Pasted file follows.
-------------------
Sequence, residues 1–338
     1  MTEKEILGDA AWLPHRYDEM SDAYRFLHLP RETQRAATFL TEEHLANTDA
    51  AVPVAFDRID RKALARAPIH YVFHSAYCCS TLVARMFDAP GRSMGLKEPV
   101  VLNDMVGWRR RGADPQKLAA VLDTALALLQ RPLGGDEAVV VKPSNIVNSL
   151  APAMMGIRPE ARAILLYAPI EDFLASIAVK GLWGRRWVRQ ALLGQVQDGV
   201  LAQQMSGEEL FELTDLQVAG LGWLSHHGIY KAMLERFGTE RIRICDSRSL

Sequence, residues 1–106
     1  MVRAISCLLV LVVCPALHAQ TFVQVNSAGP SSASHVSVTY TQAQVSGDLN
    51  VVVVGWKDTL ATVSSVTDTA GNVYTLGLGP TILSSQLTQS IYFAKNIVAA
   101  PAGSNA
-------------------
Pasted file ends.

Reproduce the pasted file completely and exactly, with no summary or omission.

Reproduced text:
Sequence, residues 1–338
     1  MTEKEILGDA AWLPHRYDEM SDAYRFLHLP RETQRAATFL TEEHLANTDA
    51  AVPVAFDRID RKALARAPIH YVFHSAYCCS TLVARMFDAP GRSMGLKEPV
   101  VLNDMVGWRR RGADPQKLAA VLDTALALLQ RPLGGDEAVV VKPSNIVNSL
   151  APAMMGIRPE ARAILLYAPI EDFLASIAVK GLWGRRWVRQ ALLGQVQDGV
   201  LAQQMSGEEL FELTDLQVAG LGWLSHHGIY KAMLERFGTE RIRICDSRSL

Sequence, residues 1–106
     1  MVRAISCLLV LVVCPALHAQ TFVQVNSAGP SSASHVSVTY TQAQVSGDLN
    51  VVVVGWKDTL ATVSSVTDTA GNVYTLGLGP TILSSQLTQS IYFAKNIVAA
   101  PAGSNA